Think About Your Audience
As a marketer, you already have a solid idea of the audience you should target for your brand. However, to locate the ideal influencer, you need to take it one step further and consider the types of topics, blogs, and Twitter handles your audience would follow.
Since I market a blogger outreach tool for my company, the social media influencers I target are PR and marketing bloggers focusing on content and influencer marketing. Followers of these blogs are usually PR professionals and marketers who want to keep up with the latest technology and trends.
Thus, hopefully, they find my company relevant when a blogger they follow recommends it. However, had I gone after bloggers who write about finance, their audience most likely wouldn’t care.
Qualities to Look For In an Influencer
With your goals and target audience established, you can start to find influencers who are a great fit for your brand. There are three factors I recommend considering when choosing influencers.
- Context: Is your social media influencer a contextual fit? This is the most important characteristic when targeting the right influencers for your brand. For example, Justin Bieber is among the most influential social media users, with 37+ million followers. Would his tweet about your software bring in sales?
- Reach: In addition to wanting an influencer from your field, they’ve got to have reach. You want influencers to share their awesome content or positive recommendation of your brand with as many of the right people as possible. If your online business sold clothes for “tweens,” then maybe a mention to 37 million girls from Justin Bieber wouldn’t be so bad after all.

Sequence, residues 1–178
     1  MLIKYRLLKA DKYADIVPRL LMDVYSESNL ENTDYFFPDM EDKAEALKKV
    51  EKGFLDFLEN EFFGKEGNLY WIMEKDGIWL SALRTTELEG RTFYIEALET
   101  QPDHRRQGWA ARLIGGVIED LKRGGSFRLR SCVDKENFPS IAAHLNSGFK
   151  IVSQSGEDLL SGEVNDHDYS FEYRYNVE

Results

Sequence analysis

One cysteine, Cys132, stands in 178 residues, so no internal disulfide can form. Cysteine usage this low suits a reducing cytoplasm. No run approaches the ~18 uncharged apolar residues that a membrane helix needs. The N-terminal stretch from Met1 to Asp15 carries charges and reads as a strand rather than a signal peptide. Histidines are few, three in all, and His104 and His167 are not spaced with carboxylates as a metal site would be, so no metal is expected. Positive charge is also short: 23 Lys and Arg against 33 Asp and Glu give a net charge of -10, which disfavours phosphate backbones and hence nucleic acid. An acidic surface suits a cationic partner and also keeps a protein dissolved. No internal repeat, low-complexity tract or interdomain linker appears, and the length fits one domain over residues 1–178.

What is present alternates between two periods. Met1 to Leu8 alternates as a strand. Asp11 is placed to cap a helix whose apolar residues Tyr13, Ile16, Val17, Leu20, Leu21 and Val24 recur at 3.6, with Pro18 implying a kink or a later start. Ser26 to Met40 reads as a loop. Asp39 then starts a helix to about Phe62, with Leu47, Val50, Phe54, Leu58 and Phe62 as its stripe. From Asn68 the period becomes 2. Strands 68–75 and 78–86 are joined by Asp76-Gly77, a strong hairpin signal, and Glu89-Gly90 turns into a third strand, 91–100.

- Actionability: This is the influencer’s ability to cause their audience to take action. This characteristic comes naturally when you target individuals that are in contextual alignment with your brand and have a far enough reach.
However, you need to think about the size of the influencer’s audience, too. For example, if you’ve got a niche store, a nano or micro-influencer is a great starting place.
Where to Look for Your Ideal Influencer
The final step in getting started with influencer marketing is finding influencers who meet the criteria we’ve listed above. Here are my favorite ways of finding them.
Social Media Monitoring
Brand advocates are the loudest influencers your brand can have. Not only does their audience follow them because what they write aligns with your brand, but they also talk loudly and actively about how much they like your company. By tuning in to your social media mentions and blog posts about your brand, you can find social media influencers and advocates you didn’t realize you had.
Social media monitoring also allows you to find influencers who advocate for the genre or niche you outlined in the first step. For example, someone may post and tweet heavily about yoga gear but not mention your website as an awesome place to buy yoga apparel or equipment. Well, you can engage with them and expose your brand to a wider audience.